偷偷要费观看视频在 线-Bella Tovey, who survived Nazi labor and concentration camps as a Jewish teenager in Poland and lived to tell her story to the U.S. Holocaust Memorial Museum, public schools, and Jewish congregations in Washington and elsewhere, died July 14 at a hospital in Atlanta. She was 92 and had been a resident of Silver Spring, Md., for 60 years.
99re久久热最新地址一-The cause was cardiorespiratory failure, said a daughter, Roberta Tovey.
秋霞66手机版-She was born Bella Jakubowicz on Sept. 18, 1926, in Sosnowiec, a city in Polish Silesia, near the border with Germany.
99re久久热最新地址一-Her father owned a knitting factory that was taken over by the Germans during World War II. She was the eldest of four children, only two of whom survived the war. Her parents also died in the Holocaust.
99re久久热最新地址一-She was 12 when Germany invaded Poland on Sept. 1, 1939. Soon after the war began, a German woman, assigned to civilian duty in Poland, confiscated the furniture in their family apartment. Another Jewish family was moved into their apartment to share living quarters.
2019香蕉国偷产拍视频-There was a roundup of all Jewish men, including her father. He was released after a week. He was 39, and his auburn hair had turned gray. He never talked about what happened, she told the Holocaust Museum in an oral-history interview.
99re久久热最新地址一-People began to disappear. There were executions by hanging for minor offenses. All Jews were required to attend as witnesses.
超级人碰人摸大公鸡免费视频-In 1943, the teenage Bella was deported to a labor camp in northern Germany, where she worked 12-hour shifts with rations of one daily bowl of soup and a pound of bread a week.
偷偷要费观看视频在 线-Notable deaths in 2019: Ric Ocasek, Valerie Harper, Ross Perot, Toni Morrison, and others we have lost this year
Cokie Roberts | Cokie Roberts, a journalist and political commentator who became one of the most prominent Washington broadcasters of her era and championed young women in media during a long career with NPR and ABC News, died Sept. 17 in Washington. She was 75. Read the obituary (Marvin Joseph/The Washington Post)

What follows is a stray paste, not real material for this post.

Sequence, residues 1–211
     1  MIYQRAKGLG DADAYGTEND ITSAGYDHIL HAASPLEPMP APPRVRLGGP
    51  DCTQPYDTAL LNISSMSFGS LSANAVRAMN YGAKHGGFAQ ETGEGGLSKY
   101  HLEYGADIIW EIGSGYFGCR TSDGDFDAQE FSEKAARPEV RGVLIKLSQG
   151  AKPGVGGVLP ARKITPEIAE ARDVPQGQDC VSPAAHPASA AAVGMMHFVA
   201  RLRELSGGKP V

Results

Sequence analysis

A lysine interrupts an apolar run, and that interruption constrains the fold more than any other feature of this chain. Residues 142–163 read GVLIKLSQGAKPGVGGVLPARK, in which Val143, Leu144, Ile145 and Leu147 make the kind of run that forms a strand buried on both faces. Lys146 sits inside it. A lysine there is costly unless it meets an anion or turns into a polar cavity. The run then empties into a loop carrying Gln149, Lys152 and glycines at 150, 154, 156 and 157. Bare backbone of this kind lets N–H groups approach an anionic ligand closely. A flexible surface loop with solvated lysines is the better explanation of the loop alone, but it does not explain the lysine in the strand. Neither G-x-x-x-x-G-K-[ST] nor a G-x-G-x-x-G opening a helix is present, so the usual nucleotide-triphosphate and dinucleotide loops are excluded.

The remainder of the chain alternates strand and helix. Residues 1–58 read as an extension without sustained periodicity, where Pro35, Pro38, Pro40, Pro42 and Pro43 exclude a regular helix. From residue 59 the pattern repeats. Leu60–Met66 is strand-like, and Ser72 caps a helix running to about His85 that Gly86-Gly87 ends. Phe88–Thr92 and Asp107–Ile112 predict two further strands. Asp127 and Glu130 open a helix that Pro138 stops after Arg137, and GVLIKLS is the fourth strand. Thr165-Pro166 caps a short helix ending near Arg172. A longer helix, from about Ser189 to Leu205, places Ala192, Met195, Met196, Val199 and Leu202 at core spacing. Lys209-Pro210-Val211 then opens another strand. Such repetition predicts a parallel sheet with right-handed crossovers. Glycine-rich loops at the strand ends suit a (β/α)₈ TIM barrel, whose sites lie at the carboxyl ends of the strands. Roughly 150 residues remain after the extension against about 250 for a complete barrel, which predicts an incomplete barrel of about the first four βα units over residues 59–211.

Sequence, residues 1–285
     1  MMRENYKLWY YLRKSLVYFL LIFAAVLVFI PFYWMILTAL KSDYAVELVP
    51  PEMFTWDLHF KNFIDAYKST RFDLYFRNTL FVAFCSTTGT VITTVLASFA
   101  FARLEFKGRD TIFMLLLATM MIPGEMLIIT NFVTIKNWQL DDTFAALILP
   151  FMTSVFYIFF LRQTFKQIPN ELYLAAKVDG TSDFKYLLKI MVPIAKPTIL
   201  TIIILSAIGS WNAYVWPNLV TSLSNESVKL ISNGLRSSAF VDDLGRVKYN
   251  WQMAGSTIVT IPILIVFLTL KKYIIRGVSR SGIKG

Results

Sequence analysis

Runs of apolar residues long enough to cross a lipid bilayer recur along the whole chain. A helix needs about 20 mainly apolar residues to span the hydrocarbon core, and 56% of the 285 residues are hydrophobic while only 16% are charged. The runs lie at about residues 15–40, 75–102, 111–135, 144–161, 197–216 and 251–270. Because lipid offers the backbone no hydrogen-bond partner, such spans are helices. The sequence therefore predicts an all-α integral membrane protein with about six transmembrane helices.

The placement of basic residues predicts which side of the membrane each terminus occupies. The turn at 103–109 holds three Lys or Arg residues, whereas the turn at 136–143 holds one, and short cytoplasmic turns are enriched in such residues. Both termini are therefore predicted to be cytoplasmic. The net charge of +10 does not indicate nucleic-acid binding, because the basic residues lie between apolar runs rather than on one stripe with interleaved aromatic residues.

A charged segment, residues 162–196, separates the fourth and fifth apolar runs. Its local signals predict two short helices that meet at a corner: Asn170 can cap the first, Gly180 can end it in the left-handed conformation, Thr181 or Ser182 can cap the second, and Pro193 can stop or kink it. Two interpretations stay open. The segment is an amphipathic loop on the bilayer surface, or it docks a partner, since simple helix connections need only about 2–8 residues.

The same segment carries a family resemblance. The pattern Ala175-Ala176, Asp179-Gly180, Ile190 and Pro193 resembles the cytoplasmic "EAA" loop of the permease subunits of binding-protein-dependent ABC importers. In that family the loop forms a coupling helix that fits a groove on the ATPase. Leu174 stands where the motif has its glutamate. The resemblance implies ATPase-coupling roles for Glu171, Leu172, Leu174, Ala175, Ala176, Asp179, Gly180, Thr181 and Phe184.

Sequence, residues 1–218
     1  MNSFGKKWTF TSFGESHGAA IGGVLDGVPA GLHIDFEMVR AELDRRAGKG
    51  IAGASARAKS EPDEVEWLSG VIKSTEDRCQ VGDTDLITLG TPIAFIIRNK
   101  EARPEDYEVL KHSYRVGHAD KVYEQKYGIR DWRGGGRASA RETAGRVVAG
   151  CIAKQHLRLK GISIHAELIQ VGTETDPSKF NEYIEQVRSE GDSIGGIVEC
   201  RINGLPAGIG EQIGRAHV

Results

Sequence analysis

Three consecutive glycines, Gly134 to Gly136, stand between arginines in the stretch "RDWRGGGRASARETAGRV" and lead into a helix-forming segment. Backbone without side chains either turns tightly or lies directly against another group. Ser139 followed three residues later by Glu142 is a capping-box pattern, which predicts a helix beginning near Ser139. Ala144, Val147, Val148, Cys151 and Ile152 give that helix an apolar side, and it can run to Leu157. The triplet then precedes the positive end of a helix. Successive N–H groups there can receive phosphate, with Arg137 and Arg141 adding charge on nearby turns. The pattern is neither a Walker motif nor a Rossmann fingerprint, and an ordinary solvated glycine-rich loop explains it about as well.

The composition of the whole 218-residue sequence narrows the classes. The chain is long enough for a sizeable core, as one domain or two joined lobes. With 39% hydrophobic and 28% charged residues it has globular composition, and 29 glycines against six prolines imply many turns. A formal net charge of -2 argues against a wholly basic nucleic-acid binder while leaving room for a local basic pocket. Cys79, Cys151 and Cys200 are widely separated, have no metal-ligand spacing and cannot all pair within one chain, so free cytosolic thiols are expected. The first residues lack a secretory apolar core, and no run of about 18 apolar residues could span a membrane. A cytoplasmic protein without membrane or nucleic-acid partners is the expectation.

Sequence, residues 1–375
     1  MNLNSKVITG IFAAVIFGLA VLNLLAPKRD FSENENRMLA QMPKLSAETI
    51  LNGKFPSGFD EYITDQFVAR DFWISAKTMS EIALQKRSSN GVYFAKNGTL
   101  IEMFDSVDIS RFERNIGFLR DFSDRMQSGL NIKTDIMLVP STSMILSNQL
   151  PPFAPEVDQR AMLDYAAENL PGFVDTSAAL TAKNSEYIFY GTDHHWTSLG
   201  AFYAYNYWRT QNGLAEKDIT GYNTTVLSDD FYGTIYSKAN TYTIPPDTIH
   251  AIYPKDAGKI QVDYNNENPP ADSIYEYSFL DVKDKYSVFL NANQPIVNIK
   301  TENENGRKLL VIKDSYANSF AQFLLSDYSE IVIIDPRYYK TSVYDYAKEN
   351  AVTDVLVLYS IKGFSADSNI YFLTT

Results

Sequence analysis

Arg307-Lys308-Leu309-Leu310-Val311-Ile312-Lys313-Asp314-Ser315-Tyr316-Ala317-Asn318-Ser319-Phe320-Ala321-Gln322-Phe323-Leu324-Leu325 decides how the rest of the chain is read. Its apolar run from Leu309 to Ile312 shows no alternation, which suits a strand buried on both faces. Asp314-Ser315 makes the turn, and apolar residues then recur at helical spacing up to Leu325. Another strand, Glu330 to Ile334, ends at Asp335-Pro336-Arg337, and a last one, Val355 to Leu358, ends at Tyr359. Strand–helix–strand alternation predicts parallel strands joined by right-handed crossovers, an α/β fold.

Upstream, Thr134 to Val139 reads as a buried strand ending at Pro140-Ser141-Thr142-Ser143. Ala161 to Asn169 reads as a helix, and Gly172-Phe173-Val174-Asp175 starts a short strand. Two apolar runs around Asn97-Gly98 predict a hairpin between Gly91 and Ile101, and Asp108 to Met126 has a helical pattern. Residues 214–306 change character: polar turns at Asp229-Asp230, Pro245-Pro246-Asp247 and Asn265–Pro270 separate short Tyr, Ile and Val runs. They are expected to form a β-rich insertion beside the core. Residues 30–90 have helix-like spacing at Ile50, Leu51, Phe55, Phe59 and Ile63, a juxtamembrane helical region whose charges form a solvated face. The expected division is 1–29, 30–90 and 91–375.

秋霞66手机版-She witnessed acts of unspeakable cruelty — an SS guard snatching a baby from the arms of a mother and smashing the infant’s head against a concrete wall. But she also recalled acts of mercy, such as when another guard opened a gate to release a teenage prisoner — her brother -- then checked to see that no one was looking and shouted after him: “Run! Run! Run! Fast! Lauf schnell!”
超级人碰人摸大公鸡免费视频-In December 1944, she arrived at the Bergen-Belsen death camp in Germany. Prisoners were packed into buildings at Bergen-Belsen so tightly, she said, they could not stretch their legs out to full length. But they died so quickly that soon there was room for a full leg stretch.
超级人碰人摸大公鸡免费视频-She was 18 when she was liberated by British soldiers at Bergen-Belsen in April 1945. There were 60,000 starving prisoners in the camp, and the emaciated corpses of several thousands more were piled in stacks nearby.
偷偷要费观看视频在 线-She weighed 70 pounds and was covered with lice. It was spring, but it was cold. She asked for socks from a British soldier. As she put them on, she began crying because she did not have the calf muscle to keep them up.
2019香蕉国偷产拍视频-From Bergen-Belsen, she went to a displaced-persons camp and then by ship to New York in 1946, where an uncle became her American sponsor. Two years later, she married Henry Tovey, a survivor of the wartime Lodz Ghetto in occupied Poland and the death camp at Auschwitz. The couple had met aboard the ship to the United States. He died in 2016.
99re久久热最新地址一-Survivors include two children, Roberta Tovey of Boston and Craig Tovey of Atlanta; and five grandchildren.
超级人碰人摸大公鸡免费视频-Settling in Silver Spring in the 1950s, Mrs. Tovey had planned to become an accountant. She was good with numbers.
2019香蕉国偷产拍视频-But she changed her mind during a 1959 visit to her only surviving sister, Pnina, in Israel.
秋霞66手机版-Instead she would concentrate on telling her Holocaust story. She spoke at a commemorative observance at Bergen-Belsen. She talked at schools in Europe, the United States and Canada. She taught Jewish traditions at Washington Hebrew Congregation.
秋霞66手机版-“Until 1959, I had a bit of a detour with my God,” she told the Holocaust Museum project. “I was Jewish, but I wasn’t particularly traditional. . . . But when I went to Israel . . . and I walked through the streets of Jerusalem, I became a Jew. . . . I came back.”